DeBakey Program Pre-Orientation: The Role of Preparation in Leadership

An executive, my dad has always coached me on the significance of having an elevator pitch at hand for one-on-one “VIP opportunities.”  Recently, I had one of these moments as I was leaving my research lab at BCM, when I ran into a surgical division chief on the elevator.  Frankly, I was a little too star-struck to make entirely productive conversation, but I lucked out because he was good-humored and invited me to stop by his office “whenever.”

I’ve been raised to believe that I can succeed through over-preparation.  However, a few key individuals over the past couple of weeks have made me question this mentality.  They instead encouraged me to take advantage of my “sunshine of the spotless mind” as I begin the DeBakey Summer Surgery Program tomorrow.  From a creative standpoint, I understand that a fresh perspective lends itself to offering unique ideas and potentially discovering new interests.  Yet I am a bit concerned that my intellect is not genius nor innovative enough to utilize this approach and succeed. 🙂

Although perhaps the most important quality of leadership is not preparation, I have found that preparation is a crucial factor in my interpersonal performance, particularly in professional settings.  How can I maximize my methods of preparation without coming across as over-prepared, scripted, or fake?  Is preparation even important for me as the lowly undergraduate among a team of medical students, residents, fellows, and attending surgeons?

The DeBakey program has several goals: 1) to familiarize students with the hospital and OR environments, 2) to develop time management and decision-making skills, and 3) to offer them the opportunity to participate in a wide variety of activities as part of a surgical service.  Established by Dr. Michael E. DeBakey himself nearly 50 years ago, the program succeeds in perpetuating a culture of teaching and fostering medical excellence of the younger generations.  Many of the surgeons who volunteer to take on students also derive intrinsic rewards from mentoring.  This summer, I aspire to further clarify my career aspirations, hone a broad-based skillset, and interact with as many patients as possible, keeping in mind that the objective is to work to improve their lives above all else.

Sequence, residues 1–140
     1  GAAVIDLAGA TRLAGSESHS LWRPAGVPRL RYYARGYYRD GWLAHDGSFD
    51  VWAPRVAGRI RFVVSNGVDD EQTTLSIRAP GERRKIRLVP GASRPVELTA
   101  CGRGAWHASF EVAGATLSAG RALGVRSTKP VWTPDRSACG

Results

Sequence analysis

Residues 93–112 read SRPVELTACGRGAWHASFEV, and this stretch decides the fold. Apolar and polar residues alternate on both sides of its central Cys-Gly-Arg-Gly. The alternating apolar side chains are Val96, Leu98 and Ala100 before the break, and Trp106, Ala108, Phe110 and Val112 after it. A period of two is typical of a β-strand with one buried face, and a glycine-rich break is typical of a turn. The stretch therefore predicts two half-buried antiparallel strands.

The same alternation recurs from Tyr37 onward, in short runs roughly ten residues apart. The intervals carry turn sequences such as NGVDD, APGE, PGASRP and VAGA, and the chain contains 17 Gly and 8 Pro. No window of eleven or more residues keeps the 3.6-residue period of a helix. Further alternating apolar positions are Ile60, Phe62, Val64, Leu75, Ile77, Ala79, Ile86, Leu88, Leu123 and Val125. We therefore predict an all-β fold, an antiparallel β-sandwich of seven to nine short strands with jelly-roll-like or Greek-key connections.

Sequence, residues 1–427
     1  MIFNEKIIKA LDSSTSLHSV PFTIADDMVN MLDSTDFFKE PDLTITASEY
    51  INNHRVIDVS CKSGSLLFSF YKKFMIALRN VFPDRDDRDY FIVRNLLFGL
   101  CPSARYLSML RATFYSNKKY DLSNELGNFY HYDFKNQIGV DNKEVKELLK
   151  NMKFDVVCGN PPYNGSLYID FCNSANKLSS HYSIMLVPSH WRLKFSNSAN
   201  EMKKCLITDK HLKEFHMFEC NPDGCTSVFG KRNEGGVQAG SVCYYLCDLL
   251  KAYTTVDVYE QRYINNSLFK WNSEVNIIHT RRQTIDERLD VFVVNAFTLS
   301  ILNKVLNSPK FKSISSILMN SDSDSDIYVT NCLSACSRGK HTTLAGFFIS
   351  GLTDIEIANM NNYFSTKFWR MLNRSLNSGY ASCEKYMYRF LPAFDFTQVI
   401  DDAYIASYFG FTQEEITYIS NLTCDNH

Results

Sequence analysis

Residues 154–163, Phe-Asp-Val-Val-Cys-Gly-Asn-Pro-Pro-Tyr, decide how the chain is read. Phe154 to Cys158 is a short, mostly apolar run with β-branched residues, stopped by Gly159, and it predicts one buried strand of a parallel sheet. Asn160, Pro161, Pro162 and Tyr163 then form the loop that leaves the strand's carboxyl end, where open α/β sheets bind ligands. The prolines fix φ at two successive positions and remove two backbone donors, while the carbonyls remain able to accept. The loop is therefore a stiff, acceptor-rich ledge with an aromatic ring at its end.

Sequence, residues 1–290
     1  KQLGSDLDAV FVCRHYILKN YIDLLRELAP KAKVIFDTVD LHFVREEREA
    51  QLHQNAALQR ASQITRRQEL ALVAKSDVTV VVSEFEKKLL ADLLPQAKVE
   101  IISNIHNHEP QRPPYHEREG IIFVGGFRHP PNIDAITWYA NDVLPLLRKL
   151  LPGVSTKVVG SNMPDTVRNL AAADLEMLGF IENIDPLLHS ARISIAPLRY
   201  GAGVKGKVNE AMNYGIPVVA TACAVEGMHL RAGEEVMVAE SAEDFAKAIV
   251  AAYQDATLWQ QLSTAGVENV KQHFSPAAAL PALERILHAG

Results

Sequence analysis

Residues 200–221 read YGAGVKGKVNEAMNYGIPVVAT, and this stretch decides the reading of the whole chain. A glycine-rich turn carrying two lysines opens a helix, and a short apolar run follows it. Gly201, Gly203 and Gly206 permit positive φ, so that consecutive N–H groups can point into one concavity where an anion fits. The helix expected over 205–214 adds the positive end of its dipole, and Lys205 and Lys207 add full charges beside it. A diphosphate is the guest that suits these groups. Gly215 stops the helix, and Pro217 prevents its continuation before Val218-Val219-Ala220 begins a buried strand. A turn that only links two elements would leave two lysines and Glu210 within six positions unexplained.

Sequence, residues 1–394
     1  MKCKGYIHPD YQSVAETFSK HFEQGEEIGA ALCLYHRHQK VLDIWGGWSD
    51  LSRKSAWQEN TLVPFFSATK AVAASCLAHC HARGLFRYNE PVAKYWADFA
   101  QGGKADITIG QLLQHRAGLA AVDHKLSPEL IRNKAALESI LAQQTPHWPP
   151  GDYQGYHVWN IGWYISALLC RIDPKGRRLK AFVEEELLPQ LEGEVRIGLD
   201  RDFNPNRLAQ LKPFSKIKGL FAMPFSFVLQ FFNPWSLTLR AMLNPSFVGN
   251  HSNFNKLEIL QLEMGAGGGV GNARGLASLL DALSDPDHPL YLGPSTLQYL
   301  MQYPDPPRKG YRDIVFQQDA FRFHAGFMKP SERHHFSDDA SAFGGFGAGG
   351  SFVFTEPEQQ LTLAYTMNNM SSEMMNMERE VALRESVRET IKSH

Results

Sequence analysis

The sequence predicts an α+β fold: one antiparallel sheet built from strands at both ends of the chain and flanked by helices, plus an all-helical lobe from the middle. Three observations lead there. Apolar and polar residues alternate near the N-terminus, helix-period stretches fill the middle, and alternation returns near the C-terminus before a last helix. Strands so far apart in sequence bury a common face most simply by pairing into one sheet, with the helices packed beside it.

These goals are diverse in nature yet equally important, and I expect to bear the majority of the weight in making sure they are realized.  My surgical mentors will undoubtedly be busy, often in dealing with matters of life and death.  I should not act so selfishly as to inhibit, even slightly, the process of delivering quality healthcare to any patient.  Understanding when to interject, ask questions, and offer assistance will require on-the-job learning during my first week.

I look forward to reflecting on my experiences through continuing to blog this summer and engaging in discussion with as many people from diverse backgrounds as possible!  I am constantly reminded of a quote from the program’s beneficiary: “The pursuit of excellence has been my objective in life.”  While intellectual merit can often be credited to preparation, ethical merit and practical wisdom come from navigating personal experiences.  Through this internship, I am thrilled to experience a life in medicine, rather than simply to observe a career in medicine, for the first time!

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